In this day and age (perhaps in all days and ages), unmarried couples inevitably struggle with sexual temptation. The Catholic Church provides many resources for how and why couples ought to resist such temptation. But there seems to be a disconnect. Too many couples still fall, but worse, they don’t really know how to seek forgiveness. For all of the Catholic Church’s talk about sexual sin, there seems to be very little talk about what one is supposed to do after falling into it.

The little ways my husband and I fell before marriage became an enormous source of anxiety, guilt, and loneliness for us. Certainly, sin ought to provoke some level of anxiety and guilt. But our anxiety and guilt was only partly about the sin. It was mostly about the path to reconciliation. It was about the uncertainty of that path. Were all sexual sins grave? Didn’t Jesus equate a lustful look with adultery itself? So should we have treated “mere” lustful desire as mortal sin? Told the priest we needed emergency confession?

But then the majority of priests we did turn to dismissed these milder sexual sins entirely. They seemed annoyed at our desire for pastoral care. They said we were scrupulous and gave absolution reluctantly.

Mary Magdalene

Detail, Mary Magdalene, Frederick Sandys (1829-1904).

There were a few priests who seemed to take the little falls seriously. But then it was almost like they took them too seriously. I found myself awkwardly trying to describe specifics in order to make it clear that we hadn’t done this or that and then wondering whether or not I should even be revealing such specifics to a priest at all. Confession became a source of stress and confusion, and I often left wondering whether we said enough or said too much or said it right or wrong and then whether or not we were really absolved of the sin.

Other devout couples I’ve spoken with have shared similar experiences. But it isn’t just a problem for couples. Single people also live in our culture of twisted sexuality. Porn addiction is rampant and, again, despite all the talk about avoiding it, there’s very little clear guidance for the aftermath. Too many people remain in a torturous limbo for too long — they avoid confession out of embarrassment, or worry about how to explain themselves, or fear of the priest’s reaction, or simply because confession is unavailable. They don’t know whether or not to receive Communion (this is a particular problem for daily Mass attendees, since confession is often only offered on Saturdays).

And many seriously worry that if they died suddenly, then God would send them to hell. Unfortunately, in such a state of despair, the sin is far more likely to happen again.

Detail from David and Nathan

Detail, David and Nathan, Angelika Kauffmann (1741-1807)

I think that clear answers to a couple questions would help resolve this anxiety for so many people.

First: Is confession ever an emergency outside of the deathbed? If “mortal sins” must be confessed immediately — if reconciling in the heart is not enough — then emergency confession must be made far more available and far less awkward to request.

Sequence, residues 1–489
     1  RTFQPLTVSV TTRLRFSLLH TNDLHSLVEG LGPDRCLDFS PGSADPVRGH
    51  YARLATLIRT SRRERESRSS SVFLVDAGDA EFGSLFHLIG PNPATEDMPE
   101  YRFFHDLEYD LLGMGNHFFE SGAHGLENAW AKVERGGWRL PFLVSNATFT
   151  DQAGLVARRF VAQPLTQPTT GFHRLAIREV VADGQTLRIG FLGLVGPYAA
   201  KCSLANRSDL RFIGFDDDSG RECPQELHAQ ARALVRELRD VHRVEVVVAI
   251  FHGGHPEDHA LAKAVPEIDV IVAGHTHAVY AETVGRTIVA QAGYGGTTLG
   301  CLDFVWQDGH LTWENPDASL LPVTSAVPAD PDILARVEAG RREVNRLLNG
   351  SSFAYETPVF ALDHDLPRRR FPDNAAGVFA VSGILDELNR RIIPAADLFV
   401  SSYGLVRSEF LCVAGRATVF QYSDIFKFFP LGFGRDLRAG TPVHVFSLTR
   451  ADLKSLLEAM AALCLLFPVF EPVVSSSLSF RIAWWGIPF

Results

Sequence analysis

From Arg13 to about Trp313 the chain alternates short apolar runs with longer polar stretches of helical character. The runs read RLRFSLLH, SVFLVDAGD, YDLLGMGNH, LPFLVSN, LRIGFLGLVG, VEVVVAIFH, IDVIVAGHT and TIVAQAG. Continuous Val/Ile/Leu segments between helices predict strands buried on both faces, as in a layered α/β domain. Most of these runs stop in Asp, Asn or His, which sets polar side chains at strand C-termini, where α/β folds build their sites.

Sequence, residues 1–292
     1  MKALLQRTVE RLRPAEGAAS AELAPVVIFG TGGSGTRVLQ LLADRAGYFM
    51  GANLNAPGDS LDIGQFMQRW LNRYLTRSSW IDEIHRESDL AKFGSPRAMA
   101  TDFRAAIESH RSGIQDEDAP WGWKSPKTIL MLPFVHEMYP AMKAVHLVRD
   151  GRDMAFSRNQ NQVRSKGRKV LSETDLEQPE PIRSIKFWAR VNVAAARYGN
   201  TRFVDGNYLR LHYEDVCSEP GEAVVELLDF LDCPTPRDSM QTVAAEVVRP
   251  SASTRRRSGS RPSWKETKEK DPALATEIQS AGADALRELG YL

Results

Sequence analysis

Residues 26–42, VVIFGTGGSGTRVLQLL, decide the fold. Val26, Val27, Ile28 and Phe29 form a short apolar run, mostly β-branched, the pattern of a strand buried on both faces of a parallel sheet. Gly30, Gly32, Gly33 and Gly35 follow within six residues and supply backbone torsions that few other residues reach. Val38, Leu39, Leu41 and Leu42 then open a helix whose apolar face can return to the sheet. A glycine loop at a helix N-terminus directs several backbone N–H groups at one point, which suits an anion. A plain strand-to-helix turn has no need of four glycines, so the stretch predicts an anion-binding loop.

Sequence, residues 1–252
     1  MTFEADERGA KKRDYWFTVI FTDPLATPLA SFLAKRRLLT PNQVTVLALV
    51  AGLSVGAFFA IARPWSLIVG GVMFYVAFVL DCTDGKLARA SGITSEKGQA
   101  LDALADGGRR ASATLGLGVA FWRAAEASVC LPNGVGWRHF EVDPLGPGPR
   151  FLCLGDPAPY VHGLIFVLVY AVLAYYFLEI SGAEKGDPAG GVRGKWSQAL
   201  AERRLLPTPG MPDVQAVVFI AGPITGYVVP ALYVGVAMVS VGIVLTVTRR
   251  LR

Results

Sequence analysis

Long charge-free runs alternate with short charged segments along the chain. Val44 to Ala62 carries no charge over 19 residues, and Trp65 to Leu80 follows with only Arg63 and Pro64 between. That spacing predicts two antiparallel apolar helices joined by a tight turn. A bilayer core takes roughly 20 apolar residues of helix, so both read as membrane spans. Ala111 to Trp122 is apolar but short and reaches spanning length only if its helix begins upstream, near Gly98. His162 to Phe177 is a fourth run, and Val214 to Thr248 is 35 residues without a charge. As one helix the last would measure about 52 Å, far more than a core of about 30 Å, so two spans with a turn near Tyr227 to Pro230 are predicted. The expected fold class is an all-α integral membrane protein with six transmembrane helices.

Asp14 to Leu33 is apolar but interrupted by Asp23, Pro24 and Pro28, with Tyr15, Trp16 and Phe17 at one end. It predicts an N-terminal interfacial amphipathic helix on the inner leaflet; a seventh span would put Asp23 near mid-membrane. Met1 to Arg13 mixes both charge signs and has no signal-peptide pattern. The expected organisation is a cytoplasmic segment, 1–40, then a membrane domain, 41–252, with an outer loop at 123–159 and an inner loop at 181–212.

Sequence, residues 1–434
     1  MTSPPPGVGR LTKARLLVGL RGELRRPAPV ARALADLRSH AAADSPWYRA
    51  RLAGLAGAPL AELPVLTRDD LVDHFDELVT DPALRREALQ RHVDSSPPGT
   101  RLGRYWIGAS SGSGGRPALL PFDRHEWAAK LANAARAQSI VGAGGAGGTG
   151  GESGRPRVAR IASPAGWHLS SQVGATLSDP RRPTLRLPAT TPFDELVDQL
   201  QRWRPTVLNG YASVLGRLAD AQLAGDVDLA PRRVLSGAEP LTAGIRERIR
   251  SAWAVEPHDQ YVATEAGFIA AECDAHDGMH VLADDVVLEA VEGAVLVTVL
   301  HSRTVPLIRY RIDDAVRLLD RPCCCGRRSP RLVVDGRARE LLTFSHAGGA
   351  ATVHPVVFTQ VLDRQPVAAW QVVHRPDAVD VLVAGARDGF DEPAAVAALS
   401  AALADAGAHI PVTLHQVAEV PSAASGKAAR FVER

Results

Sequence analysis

No one wants to look like they just murdered somebody, but that’s exactly how personally requesting confession feels.

If confession never needs to be immediate then guidelines for receiving Communion in the midst of grave sin needs to be made much clearer for this sexually struggling generation.

Secondly, what exactly is a mortal sin? The many times I’ve asked this in confession, I’ve only received the same textbook answer. “Grave, full knowledge, full consent.” Well, what’s grave? French kissing? Regular kissing, but with lustful thoughts? Touching? Such a list seems too simplistic for such a serious matter. And shouldn’t every sin require full knowledge and consent? How is it a sin otherwise?

On the other hand, we can look at every sin committed by every human being in all of history and give a reason for why the sinner didn’t really have full eschatological knowledge or consent. Humans can be persuaded by seemingly good ulterior motives.

Now, I’m not saying that I don’t believe in mortal sin. But I have always found the definition to be unclear and confusing. Perhaps the answer is simply that you just “know” when it’s mortal. Perhaps mortal sin is a sin in which you want to leave God. If you feel bad the whole time and really regret it when it’s done and your first thoughts turn to confession — perhaps that’s proof you’re not in the “state of mortal sin.” I wish I knew the answer because it’s obviously an extremely important topic. It shouldn’t just be some catechetical detail.

Detail, Jesus and the Samaritan Woman at the Well, Giacomo Franceschini ( )

Detail, Jesus and the Samaritan Woman at the Well, Giacomo Franceschini (c. 1700 )

In the end, we can have all the homilies and articles and pamphlets explaining the benefits of chastity, but we are failing the flock if we don’t have better explanations regarding the process of reconciliation and returning to chastity. People need to know the uncomfortable details. They need to be told, “if you commit a sexual sin, here’s how you confess it.” They need to be told, specifically, what kinds of things prevent them from receiving Communion.

They need to be told when they ought to treat confession as an emergency.

And finally, most importantly, they need to know that they will never be refused mercy. No person who loves Jesus and is trying to love Jesus better should ever feel like something is standing in the way of reconciliation.